The Right to Emergency Medical Treatment in Kenya
18 Pages Posted: 25 Nov 2015 Last revised: 8 Dec 2015
Date Written: November 24, 2015
Kenya’s Constitution has been hailed far and wide by many as one of the most transformative Constitutions in Africa and across the globe. It brought with it sweeping changes in so far as rights and fundamental freedoms in the Bill of Rights are concerned. For the first time in post-independence Kenya, economic and social rights have been introduced into Kenya’s Bill of Rights under Chapter Four of the Constitution. Amongst these rights is the right of every person to the highest attainable standard of health which includes the right to healthcare services and the right to reproductive healthcare. This right also includes the right of every person to emergency medical treatment. It is this last limb of this right that is forming the subject matter of this paper. Further, the Constitution guarantees equality and freedom from discrimination, and the full enjoyment of all rights and fundamental freedoms. The right to equality encompasses within itself the right of a poor patient to quality healthcare regardless of their ability to pay. Most importantly also, the scope of the Bill of Rights has also been widened as the Constitution now stipulates that most of the rights provided for in the Bill of Rights bind private individuals and corporations, as well as the state. Despite these constitutional guarantees though, the Kenyan media has been replete with reports of patients dying because they have been denied emergency medical treatment on account of inability to pay hospital charges. The question then becomes the extent to which this constitutionally guaranteed right is available for beneficiaries of rights under the Constitution.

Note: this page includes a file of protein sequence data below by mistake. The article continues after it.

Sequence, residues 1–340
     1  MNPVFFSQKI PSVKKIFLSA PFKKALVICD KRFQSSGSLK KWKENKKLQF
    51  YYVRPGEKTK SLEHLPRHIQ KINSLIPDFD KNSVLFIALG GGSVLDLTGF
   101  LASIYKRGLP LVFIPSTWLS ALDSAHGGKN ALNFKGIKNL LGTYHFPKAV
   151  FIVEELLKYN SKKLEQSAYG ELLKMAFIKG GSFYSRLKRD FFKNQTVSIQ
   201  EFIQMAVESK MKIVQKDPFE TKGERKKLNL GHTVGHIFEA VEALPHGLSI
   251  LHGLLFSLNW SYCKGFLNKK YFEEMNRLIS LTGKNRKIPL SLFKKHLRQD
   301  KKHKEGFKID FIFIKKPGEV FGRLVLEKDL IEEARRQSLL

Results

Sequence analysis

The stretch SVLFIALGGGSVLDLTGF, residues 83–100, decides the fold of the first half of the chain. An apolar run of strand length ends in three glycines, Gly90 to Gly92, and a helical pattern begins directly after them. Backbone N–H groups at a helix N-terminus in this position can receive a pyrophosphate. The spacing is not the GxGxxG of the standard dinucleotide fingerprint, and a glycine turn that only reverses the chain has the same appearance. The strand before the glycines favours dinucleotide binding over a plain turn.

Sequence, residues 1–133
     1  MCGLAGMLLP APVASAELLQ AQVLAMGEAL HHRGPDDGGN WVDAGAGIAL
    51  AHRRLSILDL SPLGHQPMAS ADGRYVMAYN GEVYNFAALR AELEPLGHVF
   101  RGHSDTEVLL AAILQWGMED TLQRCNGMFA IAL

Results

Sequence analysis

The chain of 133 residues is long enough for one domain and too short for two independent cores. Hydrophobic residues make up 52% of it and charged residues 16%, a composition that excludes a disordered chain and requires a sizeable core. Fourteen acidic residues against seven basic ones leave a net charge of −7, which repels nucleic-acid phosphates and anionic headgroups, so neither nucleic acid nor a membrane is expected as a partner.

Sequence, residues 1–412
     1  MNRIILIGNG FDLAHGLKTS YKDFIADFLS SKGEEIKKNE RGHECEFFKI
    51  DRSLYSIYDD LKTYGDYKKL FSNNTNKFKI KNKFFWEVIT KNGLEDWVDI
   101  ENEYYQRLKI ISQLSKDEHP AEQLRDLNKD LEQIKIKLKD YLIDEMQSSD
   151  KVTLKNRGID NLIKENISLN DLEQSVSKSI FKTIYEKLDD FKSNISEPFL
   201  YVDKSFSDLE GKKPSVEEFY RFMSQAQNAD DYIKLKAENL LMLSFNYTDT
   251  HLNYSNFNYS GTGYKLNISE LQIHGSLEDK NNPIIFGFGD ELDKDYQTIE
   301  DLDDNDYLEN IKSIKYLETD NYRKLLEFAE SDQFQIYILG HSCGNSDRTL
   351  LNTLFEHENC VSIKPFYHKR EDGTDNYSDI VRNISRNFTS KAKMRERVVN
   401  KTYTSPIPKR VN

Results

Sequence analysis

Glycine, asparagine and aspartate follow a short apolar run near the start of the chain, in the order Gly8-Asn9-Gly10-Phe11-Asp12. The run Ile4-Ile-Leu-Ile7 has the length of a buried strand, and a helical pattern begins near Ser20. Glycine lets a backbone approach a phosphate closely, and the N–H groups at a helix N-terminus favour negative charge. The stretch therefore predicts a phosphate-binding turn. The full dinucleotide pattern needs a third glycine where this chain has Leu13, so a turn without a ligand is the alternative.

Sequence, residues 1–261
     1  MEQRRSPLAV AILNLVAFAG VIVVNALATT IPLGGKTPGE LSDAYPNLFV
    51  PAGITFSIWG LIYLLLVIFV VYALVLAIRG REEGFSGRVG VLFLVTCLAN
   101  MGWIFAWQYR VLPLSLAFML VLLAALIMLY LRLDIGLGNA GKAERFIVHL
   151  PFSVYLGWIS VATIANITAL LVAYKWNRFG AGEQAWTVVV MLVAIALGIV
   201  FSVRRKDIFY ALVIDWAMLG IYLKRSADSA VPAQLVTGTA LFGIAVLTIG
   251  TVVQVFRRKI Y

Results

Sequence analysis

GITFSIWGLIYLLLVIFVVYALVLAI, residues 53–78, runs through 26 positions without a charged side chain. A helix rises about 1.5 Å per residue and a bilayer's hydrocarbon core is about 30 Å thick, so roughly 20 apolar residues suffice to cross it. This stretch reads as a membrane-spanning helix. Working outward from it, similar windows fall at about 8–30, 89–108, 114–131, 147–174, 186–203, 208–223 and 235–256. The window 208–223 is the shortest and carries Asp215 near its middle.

Keywords: Health law, human rights, constitutional law, medical treatment, emergency medicine, doctor's responsibility, patient's rights, dignity
JEL Classification: K00, K13, K30, K32, K33
Suggested Citation: Suggested Citation